“Itni jaldi kya hain? Har cheez abhi kyon kiya jaa raha hain…” (What is the hurry? What is everything being done now?) questions Mujtaba Hussain. The octogenarian is a celebrated Urdu author, humorist and satirist who has decided to return his Padma Shri (received in 2007) to register his protest against the ‘current atmosphere’ in the country.
Remarking that his conscience isn’t allowing him to remain neutral, he says that ‘he feels that his award holds no meaning’ when the country is burning. The eminent Urdu laureate who has penned around 25 books has seen his works used as textbooks by many states and is one of the rare breed of regional writers who dabble in humor.
Hussain refuses to link his award wapsi with the enactment of the Citizen Amendment Act (CAA) but points out to a host of decisions which has left him disheartened. “Our democracy has been reduced to a joke. Governments are sworn in at morning and have to resign in just a day or two. Elected legislative members are poached without any compunction. Mobs are lynching people all over the country. I strongly feel that our democratic system is being broken down and the values of our country are slowly being diminished.” he states.
The author says that there is a farce unfolding in the country which undermines everything we have achieved since Independence. “The country is being divided in a manner never done before,” he says. “I have seen the freedom struggle waged by our countrymen but have never seen anything like this. An atmosphere of fear, mistrust and anxiety has gripped the nation which is unprecedented.”
The Hyderabad-based author points out a spate of decisions taken in the past couple of years which have troubled him. From Kashmir to NRC, he terms the decisions as hasty and against the secular fabric of the country. “Look at what is happening in Kashmir. It is under lockdown for months and there is no way of knowing what’s happening there.”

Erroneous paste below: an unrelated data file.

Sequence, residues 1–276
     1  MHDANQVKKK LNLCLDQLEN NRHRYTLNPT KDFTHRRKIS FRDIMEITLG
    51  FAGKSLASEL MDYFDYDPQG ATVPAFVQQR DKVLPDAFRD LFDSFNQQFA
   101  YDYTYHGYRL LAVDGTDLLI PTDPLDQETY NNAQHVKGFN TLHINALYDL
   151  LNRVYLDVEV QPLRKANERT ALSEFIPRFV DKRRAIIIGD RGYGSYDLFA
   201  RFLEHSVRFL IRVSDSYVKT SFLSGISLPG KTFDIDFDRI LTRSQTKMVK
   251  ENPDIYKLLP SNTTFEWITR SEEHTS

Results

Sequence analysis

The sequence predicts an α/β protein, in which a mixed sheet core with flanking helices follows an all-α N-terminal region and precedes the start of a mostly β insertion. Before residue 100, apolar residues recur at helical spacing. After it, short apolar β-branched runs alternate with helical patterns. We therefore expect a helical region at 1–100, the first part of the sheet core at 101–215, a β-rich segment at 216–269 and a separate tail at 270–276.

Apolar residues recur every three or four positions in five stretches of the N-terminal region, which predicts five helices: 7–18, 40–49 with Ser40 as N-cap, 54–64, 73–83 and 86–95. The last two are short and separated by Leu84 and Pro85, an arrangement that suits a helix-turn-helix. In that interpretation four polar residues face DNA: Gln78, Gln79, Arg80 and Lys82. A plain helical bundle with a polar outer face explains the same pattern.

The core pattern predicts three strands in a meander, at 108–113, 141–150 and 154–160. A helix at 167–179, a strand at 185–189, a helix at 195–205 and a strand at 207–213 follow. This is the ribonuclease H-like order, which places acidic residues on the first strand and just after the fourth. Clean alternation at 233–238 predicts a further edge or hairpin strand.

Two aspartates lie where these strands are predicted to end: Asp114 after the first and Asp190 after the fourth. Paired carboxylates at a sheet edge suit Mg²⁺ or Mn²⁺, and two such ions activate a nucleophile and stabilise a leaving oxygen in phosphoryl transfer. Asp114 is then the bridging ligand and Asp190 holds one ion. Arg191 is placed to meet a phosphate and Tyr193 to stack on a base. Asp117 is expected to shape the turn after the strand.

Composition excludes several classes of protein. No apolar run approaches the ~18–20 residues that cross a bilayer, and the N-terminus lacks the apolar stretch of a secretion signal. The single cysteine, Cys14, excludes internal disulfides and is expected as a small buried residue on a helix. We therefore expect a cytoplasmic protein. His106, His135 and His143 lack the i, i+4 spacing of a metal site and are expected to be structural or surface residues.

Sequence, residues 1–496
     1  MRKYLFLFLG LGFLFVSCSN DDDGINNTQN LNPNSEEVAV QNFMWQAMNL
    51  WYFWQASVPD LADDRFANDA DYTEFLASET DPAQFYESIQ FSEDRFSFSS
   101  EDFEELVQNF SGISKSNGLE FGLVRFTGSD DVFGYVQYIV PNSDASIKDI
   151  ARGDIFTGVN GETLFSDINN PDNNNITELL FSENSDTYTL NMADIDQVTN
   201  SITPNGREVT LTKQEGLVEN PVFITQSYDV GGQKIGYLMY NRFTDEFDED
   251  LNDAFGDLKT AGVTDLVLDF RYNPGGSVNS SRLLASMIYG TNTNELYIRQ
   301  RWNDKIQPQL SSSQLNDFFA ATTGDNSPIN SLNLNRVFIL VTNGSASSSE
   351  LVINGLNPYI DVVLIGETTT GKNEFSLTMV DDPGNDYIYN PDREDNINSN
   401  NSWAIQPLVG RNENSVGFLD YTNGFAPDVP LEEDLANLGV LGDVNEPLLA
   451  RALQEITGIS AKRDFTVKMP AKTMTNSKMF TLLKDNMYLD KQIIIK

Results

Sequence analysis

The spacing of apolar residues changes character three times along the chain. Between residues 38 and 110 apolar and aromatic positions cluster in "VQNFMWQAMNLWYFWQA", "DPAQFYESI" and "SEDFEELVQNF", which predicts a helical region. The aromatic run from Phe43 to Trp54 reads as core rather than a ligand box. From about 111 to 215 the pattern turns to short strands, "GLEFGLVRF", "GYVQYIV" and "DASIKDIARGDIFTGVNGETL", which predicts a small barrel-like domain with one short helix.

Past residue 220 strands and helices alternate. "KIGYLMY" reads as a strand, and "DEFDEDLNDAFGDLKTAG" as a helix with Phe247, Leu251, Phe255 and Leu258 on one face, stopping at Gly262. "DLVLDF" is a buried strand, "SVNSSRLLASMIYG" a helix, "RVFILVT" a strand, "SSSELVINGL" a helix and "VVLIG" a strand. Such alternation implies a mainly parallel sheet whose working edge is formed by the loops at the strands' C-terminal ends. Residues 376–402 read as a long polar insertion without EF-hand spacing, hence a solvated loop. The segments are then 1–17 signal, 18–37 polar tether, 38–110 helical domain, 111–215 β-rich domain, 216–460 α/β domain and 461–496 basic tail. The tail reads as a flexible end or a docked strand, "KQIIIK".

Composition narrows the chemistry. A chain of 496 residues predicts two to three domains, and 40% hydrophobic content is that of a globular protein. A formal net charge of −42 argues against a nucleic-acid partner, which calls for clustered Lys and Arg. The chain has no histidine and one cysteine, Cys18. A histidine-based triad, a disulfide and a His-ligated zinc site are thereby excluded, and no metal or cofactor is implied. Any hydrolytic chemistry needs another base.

Regarding CAA and National Register of Citizenship (NRC), Hussain opines that a lot of people are disturbed by the very idea of the exercise. “The government isn’t very forthcoming on what they want to do. They can neither explain nor justify what they want to do. Some states say that they will not allow it within their borders which is only resulting in more confusion,” he says.
Terming the events unfolding as mazaak, he points out that democracies should not and cannot function in haste. “There are a lot of discussions/debates that need to take place with other political parties and stakeholders. Decisions cannot be taken overnight and laws cannot be made in a rush.”
Hussain rues that the dream of Mahatma Gandhi, Jawaharlal Nehru and Sardar Patel's India is on the verge of being lost. He shares, “I have met and worked with Gandhiji many times. What our founding fathers did was to equip India to retain its secular fabric. Today, the conversation is all about division and demarcation of people on lines of religion. Our founding fathers were statesman, not politicians. Now we only have politicians and no statesman. They are unable to govern the country.”
Having lived through Partition, he says that the overwhelming atmosphere of khauff today is alien to India. “We had a robust democracy where nothing was unlawful or unconstitutional. It is the duty of the government to ensure that its citizens are not harassed. The protests which are happening in Universities are in retaliation to the unilateral decision making.”
Hussian says that the scant regard to both Parliament and the Constitution of India speak of the growing atmosphere of intolerance. He says, “You just can’t bring a bill and displace millions in a matter of months. I think intolerance towards minorities is at its peak in the country and one has to wait and see how this unfolds.”
The reason for him to return the country’s fourth-highest civilian award is that he fears the voice of the poor would be left unheard in the din of CAA. He explains, “The laughter of the poorest of poor is being snatched.
Demonetisation has affected the lowest rungs of society. Look at the economic condition of the country; you should be concentrating on that instead of enacting laws in haste. It is the poor who will find it difficult to procure documents and will suffer the consequences.”
Remarking that he feels threatened and scared, Hussian adds, “In my 65 years of writing humour and satire, this is the first time that I am unable to laugh myself, let alone make others laugh. I switch on the television and from rapes to undemocratic measures, everything unfathomable is taking place in my country.”
Where does the country go from here? “I’m 87-years old and bed-ridden. There is no future for me but I worry about the generations to come. Slowly but surely, democracy is being squeezed out,” he says.
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Updated Date: Dec 21, 2019 11:27:22 IST